About Abby Luby
Abby Luby is a freelance journalist who, for over ten years, has covered nuclear power, particularly issues surrounding the Indian Point nuclear power plant in New York. Her articles have appeared in The New York Daily News, The Villager, The Westchester Guardian, The Real Deal, SolveClimateNews, The North County News and the Record Review. She also writes for the Poughkeepsie Journal, The Stamford Advocate/Greenwich Time, Valley Table Magazine, Roll Magazine, Hearst publications HealthyLivingCT, Living@HomeCT covering news, art, food and health. She teaches writing and literature at Marist College.
To find out more about Abby visit http://www.abbylu.com
To find out more about Nuclear Romance visit http://nuclearromance.wordpress.com
5 Things You Should Know About Nuclear Romance
1. This book is about TWO romances: one between a man and a woman that must be kept secret and the other about journalists who become enamored with reporting on the powerful nuclear industry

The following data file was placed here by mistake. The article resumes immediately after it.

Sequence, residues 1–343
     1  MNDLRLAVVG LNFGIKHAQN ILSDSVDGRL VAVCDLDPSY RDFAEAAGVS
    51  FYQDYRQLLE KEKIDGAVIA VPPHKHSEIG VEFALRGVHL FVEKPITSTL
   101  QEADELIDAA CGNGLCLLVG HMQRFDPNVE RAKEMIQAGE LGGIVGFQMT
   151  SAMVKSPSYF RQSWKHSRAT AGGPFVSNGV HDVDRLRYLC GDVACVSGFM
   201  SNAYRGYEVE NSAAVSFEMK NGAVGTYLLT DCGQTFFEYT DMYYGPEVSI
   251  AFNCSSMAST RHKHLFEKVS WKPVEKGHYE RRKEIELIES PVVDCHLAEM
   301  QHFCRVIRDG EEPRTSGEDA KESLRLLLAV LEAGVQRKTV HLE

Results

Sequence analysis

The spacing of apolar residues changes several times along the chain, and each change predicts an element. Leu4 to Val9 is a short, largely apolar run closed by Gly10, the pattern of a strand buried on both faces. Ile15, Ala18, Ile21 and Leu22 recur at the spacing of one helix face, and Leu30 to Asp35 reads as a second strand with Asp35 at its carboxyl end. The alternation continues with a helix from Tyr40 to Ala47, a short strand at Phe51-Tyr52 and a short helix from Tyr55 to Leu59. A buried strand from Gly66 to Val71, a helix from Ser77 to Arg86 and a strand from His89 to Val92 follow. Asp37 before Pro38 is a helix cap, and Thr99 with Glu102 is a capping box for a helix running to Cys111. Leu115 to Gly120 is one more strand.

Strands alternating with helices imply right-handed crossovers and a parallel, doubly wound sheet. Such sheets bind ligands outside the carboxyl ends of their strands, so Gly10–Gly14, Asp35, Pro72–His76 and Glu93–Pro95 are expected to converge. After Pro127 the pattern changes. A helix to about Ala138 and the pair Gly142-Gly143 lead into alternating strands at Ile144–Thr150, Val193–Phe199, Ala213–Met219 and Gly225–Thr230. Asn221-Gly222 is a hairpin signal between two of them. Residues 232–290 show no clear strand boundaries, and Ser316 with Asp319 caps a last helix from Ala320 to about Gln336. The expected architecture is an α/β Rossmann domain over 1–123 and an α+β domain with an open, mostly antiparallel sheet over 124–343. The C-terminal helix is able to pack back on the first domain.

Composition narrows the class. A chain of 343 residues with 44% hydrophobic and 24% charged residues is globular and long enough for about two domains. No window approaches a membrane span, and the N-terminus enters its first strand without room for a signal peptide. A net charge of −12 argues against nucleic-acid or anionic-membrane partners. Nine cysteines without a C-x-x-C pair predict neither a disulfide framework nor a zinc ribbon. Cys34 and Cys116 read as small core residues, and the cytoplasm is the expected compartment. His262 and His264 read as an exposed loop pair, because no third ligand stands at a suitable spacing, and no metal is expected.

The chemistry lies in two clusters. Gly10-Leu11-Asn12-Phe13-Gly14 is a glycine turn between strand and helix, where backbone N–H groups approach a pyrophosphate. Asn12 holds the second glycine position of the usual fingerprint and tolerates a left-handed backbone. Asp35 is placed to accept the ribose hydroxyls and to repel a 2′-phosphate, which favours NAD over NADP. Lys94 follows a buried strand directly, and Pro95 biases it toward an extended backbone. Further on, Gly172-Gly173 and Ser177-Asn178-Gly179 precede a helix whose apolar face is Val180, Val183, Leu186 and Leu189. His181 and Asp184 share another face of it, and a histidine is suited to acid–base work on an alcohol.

2. “Nuclear Romance” is about how journalists either hold on to their sense of ethics or can be “bought.”
3. How ordinary people can become activists, even grieving mothers.
4. An inside look of how the newspaper industry is losing readers to the internet and how they have to stay afloat.
5. Despite all odds, love does triumph
About Nuclear Romance
In Nuclear Romance, a debut novel by New York journalist and writer Abby Luby, the tragic death of a 7-year old girl – after swimming at a beach across from a nuclear power plant – sets off a chain of events that involve a sports journalist, an anti-nuclear activist, a grieving mother and her son.A young woman reporter falls prey to a callous plant executive whose job depends on keeping the multi-billion dollar nuclear corporation viable. Set in the US Northeast, the terrifying story that unravels the cause of the girl’s death coincides with growing local anti-nuclear sentiment. The tension escalates after highly radioactive steam escapes from the plant, forcing a mass evacuation.
This novel grips readers’ imaginations with the tension and fear that surround many of today’s nuclear power plants, especially powerful in the aftermath ofJapan’s recent and still unfolding nuclear disaster.